What is Calibration Verification & why is it so important?
What is Calibration Verification or Linearity?
Calibration Verification, or Linearity assessment, is becoming a fundamental element for laboratories in the USA who have access to instrumentation used in the running of patient samples.
Linearity is the ability to provide results that are directly proportional to the concentration of the analyte in the test sample. CLIA defines this as the assaying of materials of known concentrations in the same manner as a patient sample to verify the instruments linearity throughout the reportable range. By performing calibration verification a lab is assessing if their test system’s calibration is still valid and if their chosen method is linear across the full reportable range, it will also supplement their existing QC and EQA/PT by challenging a larger segment of the AMR (Analytical Measuring Range). According to CLIA, a laboratory should perform, and document, calibration verification procedures at least once every 6 months or whenever one of a number of other factors occur, for example, a complete change of reagents, major preventative maintenance or replacement of parts, new instrument validation or when their control material is highlighting unusual shifts or trends in performance.
It is commonplace for laboratories to confuse calibration verification and reportable range, so much so, that advice and guidance is continually being asked for by laboratories. In short, reportable range is one of the first characteristics that should be used as an evaluation tool whereas calibration verification should be viewed as a continual performance check.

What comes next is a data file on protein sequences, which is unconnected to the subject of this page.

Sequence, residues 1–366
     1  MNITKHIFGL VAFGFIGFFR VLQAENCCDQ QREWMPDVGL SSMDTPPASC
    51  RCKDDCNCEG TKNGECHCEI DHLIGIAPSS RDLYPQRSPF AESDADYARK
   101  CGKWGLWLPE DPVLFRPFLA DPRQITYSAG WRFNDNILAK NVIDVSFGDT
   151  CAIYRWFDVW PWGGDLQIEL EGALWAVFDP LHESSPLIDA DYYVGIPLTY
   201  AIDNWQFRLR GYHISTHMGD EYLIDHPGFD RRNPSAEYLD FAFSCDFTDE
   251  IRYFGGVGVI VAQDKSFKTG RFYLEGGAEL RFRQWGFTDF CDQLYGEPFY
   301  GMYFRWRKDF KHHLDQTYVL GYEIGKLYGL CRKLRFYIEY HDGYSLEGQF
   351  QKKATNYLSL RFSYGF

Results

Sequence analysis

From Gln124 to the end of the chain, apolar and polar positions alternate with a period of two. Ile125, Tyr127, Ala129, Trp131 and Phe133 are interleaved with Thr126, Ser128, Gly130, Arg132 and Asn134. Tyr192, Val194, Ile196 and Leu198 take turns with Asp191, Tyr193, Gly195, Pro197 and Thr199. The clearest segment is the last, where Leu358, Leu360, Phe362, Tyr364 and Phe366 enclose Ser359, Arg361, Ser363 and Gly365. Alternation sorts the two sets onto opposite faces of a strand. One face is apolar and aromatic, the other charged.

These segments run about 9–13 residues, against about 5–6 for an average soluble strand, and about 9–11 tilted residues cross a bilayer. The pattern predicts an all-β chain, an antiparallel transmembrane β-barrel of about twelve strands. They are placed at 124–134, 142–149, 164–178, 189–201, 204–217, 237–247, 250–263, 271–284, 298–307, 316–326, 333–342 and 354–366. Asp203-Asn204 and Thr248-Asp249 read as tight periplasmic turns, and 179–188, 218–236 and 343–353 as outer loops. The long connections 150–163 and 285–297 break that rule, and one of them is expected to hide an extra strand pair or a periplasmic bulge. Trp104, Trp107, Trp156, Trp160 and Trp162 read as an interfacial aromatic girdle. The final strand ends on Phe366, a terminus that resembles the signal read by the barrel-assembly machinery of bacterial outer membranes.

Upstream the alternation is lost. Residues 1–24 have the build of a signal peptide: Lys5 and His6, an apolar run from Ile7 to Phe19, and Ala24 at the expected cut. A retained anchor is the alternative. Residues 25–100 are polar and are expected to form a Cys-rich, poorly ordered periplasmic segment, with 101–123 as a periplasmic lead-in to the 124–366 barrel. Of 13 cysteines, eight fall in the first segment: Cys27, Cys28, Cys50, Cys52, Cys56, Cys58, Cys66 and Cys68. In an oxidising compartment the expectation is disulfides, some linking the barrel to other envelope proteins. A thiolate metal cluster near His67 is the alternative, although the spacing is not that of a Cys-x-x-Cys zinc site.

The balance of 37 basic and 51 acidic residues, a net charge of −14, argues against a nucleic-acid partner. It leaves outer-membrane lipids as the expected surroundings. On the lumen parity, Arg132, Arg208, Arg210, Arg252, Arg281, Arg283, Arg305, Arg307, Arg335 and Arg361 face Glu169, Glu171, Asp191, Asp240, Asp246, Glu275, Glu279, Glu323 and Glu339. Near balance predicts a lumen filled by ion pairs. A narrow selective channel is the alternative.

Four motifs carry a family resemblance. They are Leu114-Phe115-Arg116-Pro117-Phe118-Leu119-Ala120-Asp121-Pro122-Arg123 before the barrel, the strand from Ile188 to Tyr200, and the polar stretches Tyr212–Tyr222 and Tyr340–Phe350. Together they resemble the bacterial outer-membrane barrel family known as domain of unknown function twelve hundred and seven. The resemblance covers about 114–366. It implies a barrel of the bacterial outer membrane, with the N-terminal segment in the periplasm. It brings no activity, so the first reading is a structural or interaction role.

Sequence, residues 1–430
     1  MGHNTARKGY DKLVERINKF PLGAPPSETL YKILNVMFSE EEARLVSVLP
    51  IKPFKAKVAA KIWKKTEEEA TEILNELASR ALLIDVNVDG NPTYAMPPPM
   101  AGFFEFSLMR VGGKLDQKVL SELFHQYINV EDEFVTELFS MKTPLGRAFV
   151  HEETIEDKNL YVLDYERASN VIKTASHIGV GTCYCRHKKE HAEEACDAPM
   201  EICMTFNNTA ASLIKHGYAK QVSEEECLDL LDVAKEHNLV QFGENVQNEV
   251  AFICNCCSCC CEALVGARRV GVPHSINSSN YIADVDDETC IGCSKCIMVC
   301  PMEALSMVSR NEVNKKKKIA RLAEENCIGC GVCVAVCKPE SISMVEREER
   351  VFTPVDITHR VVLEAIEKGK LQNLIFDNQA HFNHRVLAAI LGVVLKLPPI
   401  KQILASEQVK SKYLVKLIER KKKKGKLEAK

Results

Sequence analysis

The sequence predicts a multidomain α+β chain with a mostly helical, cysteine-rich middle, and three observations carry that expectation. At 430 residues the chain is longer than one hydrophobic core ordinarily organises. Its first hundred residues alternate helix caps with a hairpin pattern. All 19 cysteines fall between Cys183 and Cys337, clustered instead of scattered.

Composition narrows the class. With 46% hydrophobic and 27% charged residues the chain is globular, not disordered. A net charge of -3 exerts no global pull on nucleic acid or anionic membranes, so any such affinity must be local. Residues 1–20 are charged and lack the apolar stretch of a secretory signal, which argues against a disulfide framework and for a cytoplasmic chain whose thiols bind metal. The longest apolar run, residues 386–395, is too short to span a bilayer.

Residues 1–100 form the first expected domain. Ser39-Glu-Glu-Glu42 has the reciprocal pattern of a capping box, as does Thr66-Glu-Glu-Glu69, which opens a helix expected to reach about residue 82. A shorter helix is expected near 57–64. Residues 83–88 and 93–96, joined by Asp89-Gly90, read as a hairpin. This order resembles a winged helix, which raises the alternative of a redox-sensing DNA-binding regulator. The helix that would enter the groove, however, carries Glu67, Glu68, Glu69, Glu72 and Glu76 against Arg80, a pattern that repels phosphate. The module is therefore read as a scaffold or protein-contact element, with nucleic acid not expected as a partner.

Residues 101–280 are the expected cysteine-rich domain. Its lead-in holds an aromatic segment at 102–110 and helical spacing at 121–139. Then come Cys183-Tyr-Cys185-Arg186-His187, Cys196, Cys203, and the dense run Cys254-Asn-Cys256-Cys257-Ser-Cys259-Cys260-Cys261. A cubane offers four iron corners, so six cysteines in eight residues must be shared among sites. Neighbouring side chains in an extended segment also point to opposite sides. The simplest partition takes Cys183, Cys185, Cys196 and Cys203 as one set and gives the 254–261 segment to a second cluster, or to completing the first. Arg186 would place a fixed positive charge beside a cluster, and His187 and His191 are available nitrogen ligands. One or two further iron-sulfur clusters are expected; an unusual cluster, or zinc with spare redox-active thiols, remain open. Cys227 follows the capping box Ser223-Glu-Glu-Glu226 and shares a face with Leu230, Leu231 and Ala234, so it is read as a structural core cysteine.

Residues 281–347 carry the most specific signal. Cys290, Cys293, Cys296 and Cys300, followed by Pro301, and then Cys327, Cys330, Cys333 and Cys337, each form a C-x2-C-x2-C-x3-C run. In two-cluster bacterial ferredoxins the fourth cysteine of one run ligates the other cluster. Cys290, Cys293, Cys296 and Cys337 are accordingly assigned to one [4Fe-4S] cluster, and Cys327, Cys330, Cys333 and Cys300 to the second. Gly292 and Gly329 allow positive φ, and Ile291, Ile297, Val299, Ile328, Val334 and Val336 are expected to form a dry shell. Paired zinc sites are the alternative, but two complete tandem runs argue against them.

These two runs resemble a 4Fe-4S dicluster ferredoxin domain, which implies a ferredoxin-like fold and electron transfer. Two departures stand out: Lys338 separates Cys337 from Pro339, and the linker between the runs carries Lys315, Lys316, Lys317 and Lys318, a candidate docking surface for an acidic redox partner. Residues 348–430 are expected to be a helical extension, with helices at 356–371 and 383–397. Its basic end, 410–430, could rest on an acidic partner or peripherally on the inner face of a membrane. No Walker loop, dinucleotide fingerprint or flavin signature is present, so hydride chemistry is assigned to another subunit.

How it works
Aside from carrying out testing twice per year, CLIA also recommend that a minimum of 3 levels are tested (although most laboratories prefer to test 5) covering the low end, mid-point and high end of the instruments reportable range. Labs should run at least 2 replicates of each level in the same way they would a patient or control sample. The results are then plotted against the target values provided, if the results obtained are within the pre-established limits then the performance is considered acceptable. The degree to which the plotted curve conforms to a straight line is a measure of system linearity.
In many cases, data reduction software is provided with the product and this can be used to automatically plot results. This software is also capable of comparing results to peer group data for troubleshooting purposes.
Our Acusera Linearity Sets and Verify data reduction software will provide laboratories the chance to test low, medium and high ranges on their instrumentation – in doing so, labs will keep in line with CLIA recommended bi-annual testing as well as ensuring their instrumentation is performing well across the full reportable range.
Designed with convenience in mind, our sets cover a wide range of clinical testing including; Cardiac Markers, Therapeutic Drugs and Specific Proteins in a liquid ready-to-use format. The varying levels and combination of unique analytes enables laboratories to consolidate testing and reduce the number of individual products required.
Complementing our Linearity sets is our data reduction software, Acusera Verify. When used in conjunction with our sets you can effectively challenge your instrument across the full reportable range while ensuring accurate and reliable patient testing. Some features of our software include easy to interpret charts for at-a-glance performance, access to real-time peer group data to enhance troubleshooting and an intuitive user interface for simple data entry.